The Impact of Ergot Toxicity on Sheep and Lambs 2015

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 2015 - Reducing impacts of ergot alkaloids on performance of growing lambs
Lethbridge Research Centre, Alberta

If you Google “ergot” you will find photos like the two here. It’s a disease of grasses and cereal crops mainly growing on rye, wheat, barley and triticale. The fungus has been linked to human poisoning since the Middle Ages.

Historically ergot hasn’t been much of a problem for Alberta flock owners. It has more commonly been seen in climates with moist, cool and cloudy growing seasons. In the past few years variable dry conditions, hail and heavy rainfall have triggered increased levels of ergot in grains.
Grain growers know ergot affects the quality and yield of their grain crops. It’s become a growing problem for livestock producers. Ergot produces alkaloids (organic compounds containing nitrogen). When enough ergot is consumed, alkaloids cause ergot poisoning in mammals, humans, cattle, swine and sheep. Ergot toxicity restricts blood flow. That can lead to gangrene – lameness, even loss of ears, tails, or hooves – the more familiar symptoms of ergot poisoning in cattle.

Dr. Kim Stanford, Lethbridge Research Centre, with funding from ALMA, carried out a research project looking into ergot and its impact on sheep and lambs.
This year the research showed even a small amount of ergot can cause major health issues with sheep. Important early findings show:
  • One ergot body may be totally safe, another quite deadly. Different ergot bodies have dramatically different levels of alkaloids. You simply can’t tell how toxic the ergot will be by looking at a grain sample or by counting the number of ergot bodies.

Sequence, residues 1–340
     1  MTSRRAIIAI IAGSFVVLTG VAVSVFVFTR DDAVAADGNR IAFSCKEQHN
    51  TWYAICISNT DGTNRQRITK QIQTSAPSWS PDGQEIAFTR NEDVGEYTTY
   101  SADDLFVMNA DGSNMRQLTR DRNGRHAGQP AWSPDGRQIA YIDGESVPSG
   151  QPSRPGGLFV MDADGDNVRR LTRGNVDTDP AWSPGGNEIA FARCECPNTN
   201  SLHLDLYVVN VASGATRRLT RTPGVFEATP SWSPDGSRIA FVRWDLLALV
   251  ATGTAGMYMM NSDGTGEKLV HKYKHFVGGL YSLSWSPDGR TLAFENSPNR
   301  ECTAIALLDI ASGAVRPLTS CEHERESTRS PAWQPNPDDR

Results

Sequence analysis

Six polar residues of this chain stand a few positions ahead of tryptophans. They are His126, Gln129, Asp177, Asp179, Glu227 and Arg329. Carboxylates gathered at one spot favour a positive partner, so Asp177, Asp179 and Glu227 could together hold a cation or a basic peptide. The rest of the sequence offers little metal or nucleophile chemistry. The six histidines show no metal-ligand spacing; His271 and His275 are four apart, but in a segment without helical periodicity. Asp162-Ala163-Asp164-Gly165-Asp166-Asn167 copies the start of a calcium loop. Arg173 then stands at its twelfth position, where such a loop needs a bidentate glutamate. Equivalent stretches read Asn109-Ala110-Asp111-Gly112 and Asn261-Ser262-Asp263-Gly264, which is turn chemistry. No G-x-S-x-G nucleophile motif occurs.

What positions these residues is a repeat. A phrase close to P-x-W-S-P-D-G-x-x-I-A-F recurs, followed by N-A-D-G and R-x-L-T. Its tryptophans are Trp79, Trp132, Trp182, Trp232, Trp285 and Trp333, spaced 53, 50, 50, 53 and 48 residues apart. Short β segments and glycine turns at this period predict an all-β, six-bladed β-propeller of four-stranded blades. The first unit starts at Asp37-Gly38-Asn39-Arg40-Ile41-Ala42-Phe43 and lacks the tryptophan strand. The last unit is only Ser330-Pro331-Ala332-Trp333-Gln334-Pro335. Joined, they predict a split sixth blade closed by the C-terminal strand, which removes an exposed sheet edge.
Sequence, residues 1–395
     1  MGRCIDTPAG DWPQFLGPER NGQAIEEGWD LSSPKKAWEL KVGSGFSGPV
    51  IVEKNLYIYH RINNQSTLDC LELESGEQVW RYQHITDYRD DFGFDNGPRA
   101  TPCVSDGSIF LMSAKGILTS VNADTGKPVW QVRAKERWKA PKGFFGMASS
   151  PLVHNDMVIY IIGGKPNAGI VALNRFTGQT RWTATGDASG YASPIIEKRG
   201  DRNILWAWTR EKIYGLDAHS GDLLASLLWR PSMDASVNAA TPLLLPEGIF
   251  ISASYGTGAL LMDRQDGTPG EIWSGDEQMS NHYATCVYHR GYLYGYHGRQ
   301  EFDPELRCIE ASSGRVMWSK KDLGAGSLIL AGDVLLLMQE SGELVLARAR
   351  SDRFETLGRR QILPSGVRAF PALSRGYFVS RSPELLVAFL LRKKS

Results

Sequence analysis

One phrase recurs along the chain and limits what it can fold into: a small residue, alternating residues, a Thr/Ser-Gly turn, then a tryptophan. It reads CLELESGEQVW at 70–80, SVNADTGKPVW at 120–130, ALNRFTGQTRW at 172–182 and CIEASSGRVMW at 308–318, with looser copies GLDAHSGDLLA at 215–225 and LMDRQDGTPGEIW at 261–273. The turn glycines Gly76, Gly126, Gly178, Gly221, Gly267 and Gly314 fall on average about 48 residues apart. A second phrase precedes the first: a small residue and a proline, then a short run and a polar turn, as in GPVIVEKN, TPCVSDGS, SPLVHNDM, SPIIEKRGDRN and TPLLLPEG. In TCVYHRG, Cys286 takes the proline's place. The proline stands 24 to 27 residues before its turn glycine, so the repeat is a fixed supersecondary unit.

• The Canadian Food Inspection Agency Standards for feed, and previous assumptions that sheep and cattle have similar tolerances to ergot, may be incorrect.
  • There is no margin of safety for breeding stock – ewes or rams. Restricting blood flow to reproductive organs increases abortions, low birth weights, and poor-doing lambs. Restricting the hormone prolactin may completely eliminate milk production contributing to poor lamb viability and growth. Milk production does not recover over the lactation, no matter what is fed.
  • Standard feed testing for nutrients does not determine ergot toxicity. Specialized toxicological testing is required. Currently only Prairie Diagnostic Services, Saskatoon, is able to do accurate testing for ergot toxicity.
  • Avoiding any use of ergot-contaminated grain is the best prevention.

Project leads
Dr. Kim Stanford, A&F, Lethbridge Research Centre
Dr. Barry Blakley, Western College of Veterinary Medicine, University
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This document is maintained by Amrit Matharu.
This information published to the web on July 15, 2016.